This morning, five Indigenous senators were present and voted in favour of all amendments — and moving the bill along.

“I will not tell you (their presence) was deliberate. I will not tell you it wasn’t deliberate,” Sinclair said with a smile. “I can only tell you that’s the way it happened. I can assure you though that all Indigenous senators were consulted about the clause and they all expressed concern when the issue first came to light. I indicated that in my view there was a way to deal with it and this was the best way.”

The Canadian Federation of Humane Societies supported Sen. Moore out of the gate and today CEO Barbara Cartwright said she’s confident the bill will pass the Senate. It’s the House of Commons that will be the challenge.

“Certainly the continued antics of Don Plett and the Conservatives around an ‘un-understandable’ defence of Marineland, almost as if they’re lobbying on behalf of Marineland, seems to me to highlight an issue or a problem with the way the process is happening,” she said.

“I’m just thrilled that the nine senators who voted positively each time didn’t allow that to move forward or influence their decision about how important it is to ban the captivity of marine mammals in Canada. I’m hoping the amendments don’t allow for the movement of sperm and embryos to allow captive breeding to continue. That’s going to be their next move if they can’t bring wild animals in.”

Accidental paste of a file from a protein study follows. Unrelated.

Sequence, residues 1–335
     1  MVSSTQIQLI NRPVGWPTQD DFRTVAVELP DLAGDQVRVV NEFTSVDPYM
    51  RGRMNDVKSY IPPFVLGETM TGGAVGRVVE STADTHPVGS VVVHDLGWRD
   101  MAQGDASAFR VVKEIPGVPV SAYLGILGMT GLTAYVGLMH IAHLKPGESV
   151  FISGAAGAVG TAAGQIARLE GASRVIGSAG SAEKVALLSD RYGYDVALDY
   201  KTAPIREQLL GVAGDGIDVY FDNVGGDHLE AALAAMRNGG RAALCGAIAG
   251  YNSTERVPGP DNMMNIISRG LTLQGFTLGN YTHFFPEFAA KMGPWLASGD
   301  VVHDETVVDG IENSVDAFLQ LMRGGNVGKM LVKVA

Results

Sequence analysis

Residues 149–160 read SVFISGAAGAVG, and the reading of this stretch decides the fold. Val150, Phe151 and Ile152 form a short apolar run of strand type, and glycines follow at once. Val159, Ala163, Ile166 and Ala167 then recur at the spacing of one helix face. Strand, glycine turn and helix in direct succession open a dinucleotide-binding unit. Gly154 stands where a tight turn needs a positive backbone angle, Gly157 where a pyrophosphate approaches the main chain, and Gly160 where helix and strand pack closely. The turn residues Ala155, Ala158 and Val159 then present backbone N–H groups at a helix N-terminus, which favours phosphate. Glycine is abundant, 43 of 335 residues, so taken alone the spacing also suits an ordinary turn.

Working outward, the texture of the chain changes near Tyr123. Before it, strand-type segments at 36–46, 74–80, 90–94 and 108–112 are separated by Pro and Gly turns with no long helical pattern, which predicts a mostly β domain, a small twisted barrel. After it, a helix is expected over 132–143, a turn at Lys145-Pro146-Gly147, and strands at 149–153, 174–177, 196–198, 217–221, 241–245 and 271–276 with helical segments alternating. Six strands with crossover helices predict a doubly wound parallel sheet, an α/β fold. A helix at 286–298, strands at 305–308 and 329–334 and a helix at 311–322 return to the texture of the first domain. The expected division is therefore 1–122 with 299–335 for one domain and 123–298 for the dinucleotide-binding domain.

Sinclair is under no illusions about an easy swim from here.

“Not all independent senators are in support of the legislation. They still need to understand it. I think senators in the other caucuses need to understand what this bill is all about.”

They also need to grasp the public support for the bill that’s out there, he said.

“Each of us on the committee have probably received a few thousand emails, generally in support of the bill. There are quite a lot of Canadians out there who want this to pass. I recognize the importance of it.”

Camille Labchuk, executive director of Animal Justice, said while the aquarium industry has many senators on its side and seems to be doing a good job of lobbying them, “the power of the millions of Canadians who want to see this bill passed, who want to reasonable protections in place for whales and dolphins, will far outweigh the two businesses (Marineland and the Vancouver Aquarium) that confine cetaceans.”

She said around the world, the captivity of cetaceans and other large animals is on its way out.

“Canada has an opportunity to be a world leader in protecting these animals. We should seize that opportunity. We don’t have a very strong record internationally on animal protection, in fact we have one of the worst. With Bill s-203, Canada has a clear and easy opportunity to take a big leap and become a world leader.”

Still with Marineland, earlier this week it filed a lawsuit against the Ontario Society for the Prevention of Cruelty to Animals, alleging the organization maliciously targeted the theme park in order to curry favour with animal rights activists and boost fundraising.